Cocktail Therapy

“Highly Active Anti-Retroviral Therapy (HAART)” was introduced by the Chinese American scientist Dr. David Da-i Ho in 1995. Its implementation in Hong Kong began in 1996 and since then, the death rate of people living with HIV has dropped significantly and their lives are just like those without HIV. This is due to the cocktail therapy and because of it, HIV infection is considered as a manageable chronic disease nowadays.

‘Cocktail therapy’ refers to the use of a combination of drugs to prevent the virus from replicating. In Hong Kong, there are currently about 20 different types of drugs.

‘Cocktail therapy’ prevents the virus from attacking the immune system and by following the doctor’s instructions, most people living with HIV can suppress the viral load within three to six months, and reduce the virus to an undetectable level.

Once HIV enters the body, the immune system will be attacked. When the body’s immunity drops to a certain level, the people living with HIV will be more vulnerable to bacteria and viruses, causing ‘opportunistic infections’.

Side Effects

Antiretroviral therapy used to cause many side effects, but with today’s medical advancements the medication causes minimal to no side effects.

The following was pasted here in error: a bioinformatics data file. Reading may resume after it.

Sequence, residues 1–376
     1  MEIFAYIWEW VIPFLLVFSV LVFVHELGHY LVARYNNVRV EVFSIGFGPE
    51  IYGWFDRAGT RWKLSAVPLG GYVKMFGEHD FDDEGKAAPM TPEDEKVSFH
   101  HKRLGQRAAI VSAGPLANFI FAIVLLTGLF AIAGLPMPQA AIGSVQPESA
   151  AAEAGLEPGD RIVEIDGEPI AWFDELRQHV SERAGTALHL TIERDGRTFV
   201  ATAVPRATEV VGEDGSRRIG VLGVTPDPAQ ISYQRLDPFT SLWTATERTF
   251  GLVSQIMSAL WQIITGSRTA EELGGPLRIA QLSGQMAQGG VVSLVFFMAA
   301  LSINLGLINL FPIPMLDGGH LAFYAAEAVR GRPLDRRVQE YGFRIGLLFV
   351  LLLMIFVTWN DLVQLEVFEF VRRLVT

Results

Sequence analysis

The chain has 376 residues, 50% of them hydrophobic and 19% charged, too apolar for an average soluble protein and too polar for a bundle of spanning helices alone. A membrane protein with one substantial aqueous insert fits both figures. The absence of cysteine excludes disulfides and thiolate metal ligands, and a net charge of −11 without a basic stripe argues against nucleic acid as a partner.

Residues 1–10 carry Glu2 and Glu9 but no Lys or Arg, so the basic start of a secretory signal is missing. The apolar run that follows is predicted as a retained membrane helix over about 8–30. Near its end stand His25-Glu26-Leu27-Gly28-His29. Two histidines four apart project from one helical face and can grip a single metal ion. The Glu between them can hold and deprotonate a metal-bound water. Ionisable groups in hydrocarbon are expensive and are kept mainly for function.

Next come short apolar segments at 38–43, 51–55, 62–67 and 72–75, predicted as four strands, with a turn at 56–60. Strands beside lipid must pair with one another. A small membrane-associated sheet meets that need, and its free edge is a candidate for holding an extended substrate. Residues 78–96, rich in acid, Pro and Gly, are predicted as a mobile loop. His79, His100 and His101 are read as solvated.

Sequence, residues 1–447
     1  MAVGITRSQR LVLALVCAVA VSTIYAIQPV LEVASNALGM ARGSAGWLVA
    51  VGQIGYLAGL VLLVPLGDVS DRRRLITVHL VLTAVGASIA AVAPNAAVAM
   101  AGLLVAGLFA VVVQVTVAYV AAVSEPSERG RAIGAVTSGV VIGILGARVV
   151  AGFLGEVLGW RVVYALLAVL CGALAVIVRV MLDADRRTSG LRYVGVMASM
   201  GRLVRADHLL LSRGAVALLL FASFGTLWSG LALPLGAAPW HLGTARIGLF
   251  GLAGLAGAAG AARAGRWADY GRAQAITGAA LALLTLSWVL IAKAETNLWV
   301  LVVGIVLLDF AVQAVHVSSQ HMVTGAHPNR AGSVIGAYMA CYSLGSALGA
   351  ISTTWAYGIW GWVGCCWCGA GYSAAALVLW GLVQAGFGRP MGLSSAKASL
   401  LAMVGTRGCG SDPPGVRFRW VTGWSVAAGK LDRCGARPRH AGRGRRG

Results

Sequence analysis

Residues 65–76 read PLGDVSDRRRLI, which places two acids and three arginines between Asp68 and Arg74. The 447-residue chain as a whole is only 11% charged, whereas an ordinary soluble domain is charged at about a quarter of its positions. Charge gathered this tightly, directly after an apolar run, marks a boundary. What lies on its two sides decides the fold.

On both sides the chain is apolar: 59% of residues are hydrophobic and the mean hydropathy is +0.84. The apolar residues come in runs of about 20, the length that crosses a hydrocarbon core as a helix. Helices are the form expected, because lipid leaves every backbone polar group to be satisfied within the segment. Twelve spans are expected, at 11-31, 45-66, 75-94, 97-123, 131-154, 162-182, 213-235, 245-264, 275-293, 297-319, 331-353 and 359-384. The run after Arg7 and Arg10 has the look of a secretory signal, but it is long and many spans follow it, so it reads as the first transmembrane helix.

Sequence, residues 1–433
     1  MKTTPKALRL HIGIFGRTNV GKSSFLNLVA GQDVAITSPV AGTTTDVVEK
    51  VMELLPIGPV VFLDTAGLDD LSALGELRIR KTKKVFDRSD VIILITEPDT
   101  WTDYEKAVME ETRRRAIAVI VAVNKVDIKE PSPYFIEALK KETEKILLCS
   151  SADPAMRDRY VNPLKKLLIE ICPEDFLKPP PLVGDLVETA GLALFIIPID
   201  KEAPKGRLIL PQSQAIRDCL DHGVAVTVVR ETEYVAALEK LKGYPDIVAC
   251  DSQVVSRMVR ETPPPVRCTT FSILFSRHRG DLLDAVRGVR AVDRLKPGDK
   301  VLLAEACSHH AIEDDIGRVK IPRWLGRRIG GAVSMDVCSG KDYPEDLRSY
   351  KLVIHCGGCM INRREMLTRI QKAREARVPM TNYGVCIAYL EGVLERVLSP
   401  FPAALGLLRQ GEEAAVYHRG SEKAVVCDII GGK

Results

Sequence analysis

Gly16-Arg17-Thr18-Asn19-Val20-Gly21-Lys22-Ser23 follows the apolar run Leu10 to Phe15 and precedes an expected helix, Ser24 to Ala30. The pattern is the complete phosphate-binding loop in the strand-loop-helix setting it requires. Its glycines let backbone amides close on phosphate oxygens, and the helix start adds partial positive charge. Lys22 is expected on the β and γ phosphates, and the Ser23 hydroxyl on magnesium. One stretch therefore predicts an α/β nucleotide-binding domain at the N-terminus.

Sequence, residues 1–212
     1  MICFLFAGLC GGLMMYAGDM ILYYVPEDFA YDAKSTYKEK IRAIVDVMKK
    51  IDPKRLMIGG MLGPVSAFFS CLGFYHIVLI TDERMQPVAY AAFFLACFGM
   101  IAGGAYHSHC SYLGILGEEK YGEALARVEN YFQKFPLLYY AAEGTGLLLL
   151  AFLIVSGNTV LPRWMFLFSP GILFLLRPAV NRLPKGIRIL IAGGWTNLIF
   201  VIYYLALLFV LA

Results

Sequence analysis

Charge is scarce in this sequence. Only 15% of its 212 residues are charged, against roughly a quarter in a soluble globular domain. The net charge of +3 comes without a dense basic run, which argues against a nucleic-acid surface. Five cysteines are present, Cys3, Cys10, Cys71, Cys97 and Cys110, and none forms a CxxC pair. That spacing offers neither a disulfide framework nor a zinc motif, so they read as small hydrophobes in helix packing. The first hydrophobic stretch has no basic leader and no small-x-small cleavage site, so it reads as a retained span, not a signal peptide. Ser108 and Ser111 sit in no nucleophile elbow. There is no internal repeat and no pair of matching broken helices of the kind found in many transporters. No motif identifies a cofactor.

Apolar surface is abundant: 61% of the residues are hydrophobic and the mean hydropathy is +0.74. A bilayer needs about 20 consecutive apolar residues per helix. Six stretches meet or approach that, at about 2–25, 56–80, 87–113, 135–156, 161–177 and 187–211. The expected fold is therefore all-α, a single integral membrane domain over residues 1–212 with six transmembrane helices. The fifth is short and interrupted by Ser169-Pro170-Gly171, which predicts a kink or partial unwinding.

Temporary side effects

When starting medication you may experience some side effects for the first few weeks. When the body gets used to the drug, the side effects will subside. If you feel unwell or the side effects persist or become more severe, please contact your doctor immediately so they can adjust your medication accordingly.

Possible chronic side effects

Long-term medication might cause chronic side effects. Through the use of regular check ups, if there are complications with your medication then the doctor will discuss your treatment plan and change your medication as needed.

Medical Adherence

Antiretroviral therapy requires good medical adherence. During the course of therapy, taking medication on time every day is particularly important. Missing or delaying the medicine might reduce its concentration in the blood which means it is unable to suppress the virus, opening up the possibility of the virus multiplying, which may cause drug resistance and failure.
Taking medication regularly
By taking your medication regularly the concentration of medicine in the blood will be high enough to suppress the virus. This will prevent the virus from multiplying and mutating.

Source:The Centre for Health Protection is a professional arm of the Department of Health for disease prevention and control
Omitting the medication
When there is omission of medication, the concentration of medicine in the blood might be lower than the level which can suppress the virus, causing the virus to multiply and the opportunity of mutation and drug resistance. When the virus becomes resistant to the current medication, the medication will not effectively suppress the virus and another medication may be needed.

If you have any questions or need any assistance, please contact us.